SANDAP was born in the Land of Smiles, Cambodia. With his latest EP ‘Silent Start’, he wants to share his personal stories through enigmatic sounds. That being said, there’s a good mix of oriental music and contemporary occidental electronic beats in almost all his projects. From an early age, he became interested in creating music. Today his main goal is to spread good vibes through this art. Learn more about SANDAP below.
1 — What’s a song that made you fall in love with electronic music?
Around 2007 I discovered “D.A.N.C.E” from Justice, at this moment I really understood the power of music on a crowd. I danced so many times and shared so many goods moments with my friends during my childhood with this track, and I think that it’s the beginning of my passion. After that, all I wanted was just doing the same thing. Daft Punk was also a big part of my inspiration with the song “One More Time”. It was the perfect mix of emotions and musicality that I just love and live for.
2 — When and where did you learn to produce music? Are you also into DJing?
I started to learn piano and guitar when I was 5 years old, and it became really fast for my two best friends. In 2007, I got my first computer that owned Garageband. At this time I discovered the world of production and it was a big creative liberation. I was able to talk about my own intention and not just reproduce songs from other artists. My teacher was the internet and my classroom was my bedroom. I learned all the skills by my own experience and also by listening to others. It became a game for me and maybe two months after I tried to convince my parents to buy me Logic Pro.
I do not consider myself as a DJ, I’m just a simple electronic producer.
3 — Can you educate us on the electronic music scene in Cambodia? How would you describe it?
Cambodia is an undeveloped country, most people just discovered the Black Eyed Peas recently, as you can see, we are a little bit late. There are very few Cambodian Producers, but we have many more DJs. I’m Cambodian and I represent Cambodia in my music but with occidental basses. Currently, the scene in Cambodia is slowly in development but I think that in a few years we are going to see talented Producers from this country.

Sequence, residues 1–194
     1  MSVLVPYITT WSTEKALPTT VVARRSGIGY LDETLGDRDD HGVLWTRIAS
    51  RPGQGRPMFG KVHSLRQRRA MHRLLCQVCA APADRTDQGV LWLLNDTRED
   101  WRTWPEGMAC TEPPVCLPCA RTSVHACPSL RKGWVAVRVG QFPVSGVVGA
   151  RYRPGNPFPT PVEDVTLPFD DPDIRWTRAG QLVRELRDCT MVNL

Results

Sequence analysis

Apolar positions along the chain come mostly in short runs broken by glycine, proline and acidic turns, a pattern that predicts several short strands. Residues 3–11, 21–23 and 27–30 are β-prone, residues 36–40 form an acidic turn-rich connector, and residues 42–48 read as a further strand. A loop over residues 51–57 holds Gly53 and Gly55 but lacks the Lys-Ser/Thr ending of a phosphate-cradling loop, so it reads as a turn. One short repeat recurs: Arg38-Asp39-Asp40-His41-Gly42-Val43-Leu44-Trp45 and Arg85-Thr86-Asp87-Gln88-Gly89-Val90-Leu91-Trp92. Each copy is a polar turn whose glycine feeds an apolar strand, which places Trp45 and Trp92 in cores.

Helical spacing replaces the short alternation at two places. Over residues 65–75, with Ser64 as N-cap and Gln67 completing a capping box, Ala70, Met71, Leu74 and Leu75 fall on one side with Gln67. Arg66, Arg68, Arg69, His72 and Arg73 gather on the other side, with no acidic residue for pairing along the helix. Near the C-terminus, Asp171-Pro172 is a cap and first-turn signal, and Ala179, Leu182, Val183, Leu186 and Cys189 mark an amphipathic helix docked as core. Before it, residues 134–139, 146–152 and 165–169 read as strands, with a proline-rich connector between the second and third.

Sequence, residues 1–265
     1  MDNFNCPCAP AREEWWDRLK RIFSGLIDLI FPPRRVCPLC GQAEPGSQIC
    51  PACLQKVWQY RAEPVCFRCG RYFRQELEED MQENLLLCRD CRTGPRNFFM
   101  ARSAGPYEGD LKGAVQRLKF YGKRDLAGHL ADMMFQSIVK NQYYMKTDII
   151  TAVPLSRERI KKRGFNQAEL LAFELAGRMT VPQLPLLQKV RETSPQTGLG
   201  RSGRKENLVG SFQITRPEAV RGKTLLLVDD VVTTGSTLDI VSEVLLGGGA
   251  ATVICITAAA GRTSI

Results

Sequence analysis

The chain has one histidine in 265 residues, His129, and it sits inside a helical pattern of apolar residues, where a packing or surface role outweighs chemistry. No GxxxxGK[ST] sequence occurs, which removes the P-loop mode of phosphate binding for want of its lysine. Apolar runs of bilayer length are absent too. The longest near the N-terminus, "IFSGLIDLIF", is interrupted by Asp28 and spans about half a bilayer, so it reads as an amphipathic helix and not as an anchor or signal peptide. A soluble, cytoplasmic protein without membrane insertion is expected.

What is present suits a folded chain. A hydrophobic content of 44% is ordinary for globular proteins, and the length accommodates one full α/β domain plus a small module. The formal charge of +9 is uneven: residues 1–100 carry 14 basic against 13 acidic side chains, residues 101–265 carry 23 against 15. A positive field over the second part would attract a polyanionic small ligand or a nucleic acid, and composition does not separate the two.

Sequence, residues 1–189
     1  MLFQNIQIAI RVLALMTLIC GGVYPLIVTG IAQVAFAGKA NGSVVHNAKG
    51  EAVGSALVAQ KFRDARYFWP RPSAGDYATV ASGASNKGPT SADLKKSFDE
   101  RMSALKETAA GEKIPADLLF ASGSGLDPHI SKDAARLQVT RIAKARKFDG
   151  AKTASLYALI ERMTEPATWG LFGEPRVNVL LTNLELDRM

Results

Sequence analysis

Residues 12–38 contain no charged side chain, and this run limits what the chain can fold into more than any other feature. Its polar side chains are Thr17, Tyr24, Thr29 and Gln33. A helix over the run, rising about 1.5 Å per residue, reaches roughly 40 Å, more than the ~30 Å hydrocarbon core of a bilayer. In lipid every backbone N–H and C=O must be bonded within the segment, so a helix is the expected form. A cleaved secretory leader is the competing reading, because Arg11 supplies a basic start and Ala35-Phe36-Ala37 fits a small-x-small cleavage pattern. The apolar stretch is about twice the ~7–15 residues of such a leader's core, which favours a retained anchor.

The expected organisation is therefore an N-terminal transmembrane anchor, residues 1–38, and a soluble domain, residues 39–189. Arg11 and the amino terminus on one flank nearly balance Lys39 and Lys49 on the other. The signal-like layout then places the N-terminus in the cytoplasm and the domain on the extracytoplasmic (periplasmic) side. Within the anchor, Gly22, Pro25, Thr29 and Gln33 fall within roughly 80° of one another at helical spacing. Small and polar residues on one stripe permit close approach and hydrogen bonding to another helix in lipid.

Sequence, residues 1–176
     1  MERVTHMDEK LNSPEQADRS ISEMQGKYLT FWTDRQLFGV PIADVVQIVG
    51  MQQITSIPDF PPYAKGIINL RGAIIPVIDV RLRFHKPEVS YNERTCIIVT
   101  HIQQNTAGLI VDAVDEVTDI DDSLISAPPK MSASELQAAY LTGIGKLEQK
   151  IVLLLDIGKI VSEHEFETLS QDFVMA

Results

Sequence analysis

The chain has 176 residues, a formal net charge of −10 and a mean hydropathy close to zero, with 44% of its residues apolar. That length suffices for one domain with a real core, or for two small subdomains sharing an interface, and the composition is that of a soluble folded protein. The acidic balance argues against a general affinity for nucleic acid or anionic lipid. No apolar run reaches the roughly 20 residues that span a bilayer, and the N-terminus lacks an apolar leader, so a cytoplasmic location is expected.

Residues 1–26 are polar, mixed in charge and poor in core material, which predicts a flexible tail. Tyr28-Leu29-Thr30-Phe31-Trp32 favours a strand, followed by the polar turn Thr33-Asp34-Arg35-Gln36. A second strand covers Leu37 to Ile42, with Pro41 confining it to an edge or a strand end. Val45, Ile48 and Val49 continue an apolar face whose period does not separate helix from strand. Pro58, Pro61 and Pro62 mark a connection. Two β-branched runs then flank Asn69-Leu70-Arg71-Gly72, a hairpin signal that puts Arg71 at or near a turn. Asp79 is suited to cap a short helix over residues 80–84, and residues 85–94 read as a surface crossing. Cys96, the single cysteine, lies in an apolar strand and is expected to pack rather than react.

4 — What do you love most about your recent EP ‘Silent Start’?
My favorite track is “Rina” cos this song is going to the narrative direction that I wanted. The other tracks are more like ambiance songs.
5 — Did it take you a long time to produce the whole record?
I released this EP working on other projects in parallel, I had to take 2 months to finish it.
I liked working on it because it was the first time that I made an entire project including several tracks belonging to me.
6 — Which artists have influenced this project?
The Cambodian music style is my first inspiration. Mandragora and PANG are also two artists that inspired me for this EP.
7 — The music video for “Rina” looks like a true cinematic experience. What did you want to portray with these visuals?
The music video of “Rina” is an introduction to all the universe that I will like to bring later, I talk about my origins (Cambodia), but also links that are dear to me. It is an happy and proud country that I present, a country that has suffered for many years and whose culture has been forgotten. I speak of my memories of childhoods, it is also the title of the last track that I released “Childhood Memories” available on youtube. My music is a message that says I do not forget my past and I’m really proud of it. This video clip has been shot with the idea of capturing a moment, it is a positive and light vision of a daily life that is the daily of many people in Cambodia.
8 — Are you currently working on new videos or new tracks?
I work on many new tracks, the next music video will be shot in Cambodia and it will talk about my first steps and my first days.
9 — Do you consider yourself an underground artist?
I do not consider myself as an underground artist but more like a narrator of my own life.
All you will have to learn about me will be told in my future track over time, this is why I create and share.